Plans are to offer a supper that Friday evening called “The Taste of 1932.”

Summer-long historical displays will lead up to the event.

Prior to the primary celebration, there will be a special observance taking place from Friday, July 1, which is Canada Day, to Monday, July 4, American Independence Day.

Triathlon Manitoba is organizing a Peace Garden Triathlon that will feature a bike race, swim, and run.

On Saturday, July 2, the Peace Garden will hold a grand opening for a new children’s play area, consisting of zones representing animals that have been important in the local ecology.

Peace Garden sets summer events

The International Peace Garden has announced a summer of special events. Visit https://peacegarden.com for more information. Meal reservations are recommended.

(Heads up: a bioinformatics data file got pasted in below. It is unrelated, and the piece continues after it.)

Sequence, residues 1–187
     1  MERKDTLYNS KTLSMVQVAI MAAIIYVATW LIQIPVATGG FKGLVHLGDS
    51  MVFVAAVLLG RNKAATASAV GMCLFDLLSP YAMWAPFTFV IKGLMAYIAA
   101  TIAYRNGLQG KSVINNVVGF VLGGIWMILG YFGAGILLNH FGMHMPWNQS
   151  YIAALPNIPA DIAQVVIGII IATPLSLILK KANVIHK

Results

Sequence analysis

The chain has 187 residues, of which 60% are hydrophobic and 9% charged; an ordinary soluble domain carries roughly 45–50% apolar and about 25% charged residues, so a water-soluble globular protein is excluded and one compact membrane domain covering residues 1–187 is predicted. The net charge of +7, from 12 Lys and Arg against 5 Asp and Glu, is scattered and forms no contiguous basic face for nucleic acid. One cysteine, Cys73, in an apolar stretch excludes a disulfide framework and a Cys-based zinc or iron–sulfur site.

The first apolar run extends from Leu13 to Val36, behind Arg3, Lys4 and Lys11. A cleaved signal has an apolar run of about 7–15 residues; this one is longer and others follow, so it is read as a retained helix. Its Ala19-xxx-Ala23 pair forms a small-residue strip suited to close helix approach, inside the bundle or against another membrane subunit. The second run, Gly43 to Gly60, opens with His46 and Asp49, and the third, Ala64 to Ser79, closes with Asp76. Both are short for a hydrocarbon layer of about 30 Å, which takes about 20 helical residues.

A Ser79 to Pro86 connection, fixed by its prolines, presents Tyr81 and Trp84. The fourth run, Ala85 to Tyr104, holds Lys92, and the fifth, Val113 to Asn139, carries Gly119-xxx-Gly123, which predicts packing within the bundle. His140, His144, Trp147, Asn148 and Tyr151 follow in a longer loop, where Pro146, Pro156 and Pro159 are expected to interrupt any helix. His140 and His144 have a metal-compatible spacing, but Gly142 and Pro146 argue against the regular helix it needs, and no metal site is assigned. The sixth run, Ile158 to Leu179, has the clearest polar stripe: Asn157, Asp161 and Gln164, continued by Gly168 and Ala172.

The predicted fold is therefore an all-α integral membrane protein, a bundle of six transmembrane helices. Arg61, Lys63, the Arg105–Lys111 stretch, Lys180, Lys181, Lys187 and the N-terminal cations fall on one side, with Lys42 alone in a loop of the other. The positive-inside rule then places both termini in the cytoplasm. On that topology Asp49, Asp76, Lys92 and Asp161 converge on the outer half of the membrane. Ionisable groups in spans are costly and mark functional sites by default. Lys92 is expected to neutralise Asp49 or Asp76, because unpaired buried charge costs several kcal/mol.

– Mothers Day Buffet, Sunday, May 8, 11 a.m.-1 p.m. All mothers will receive a succulent plant as a gift. Cost is $20 a person and $10 for children ages 12 and younger.

– Fathers Day Buffet, Sunday, June 19, 11 a.m.-2 p.m. Cost $20 a person and $10 for children ages 12 and younger.

– Mixed Relay Triathlon and Kids of Steel Duathlon, Saturday, July 2.

– Sprint Triathlon and Spring Duathlon, Sunday, July 3.

– 90th Celebration, Friday, July 29-Sunday, July 31

– 90th Dinner Series-Old Fashioned Picnic, Sunday, July 3, 3-8 p.m., in conjunction with opening of new playground, classic picnic activities such as three-legged races, carnival games, face painting, kite flying and pie-eating contest. Cost is $30 a person or $15 for children ages 12 and younger.

– 90th Dinner Series-90 Years of Stars, Friday, Aug. 26, 6-11 p.m. Cost is $65 a person.

– 9/11 Remembrance, Sunday, Sept. 11

– Harvest Dinner, Friday, Oct. 1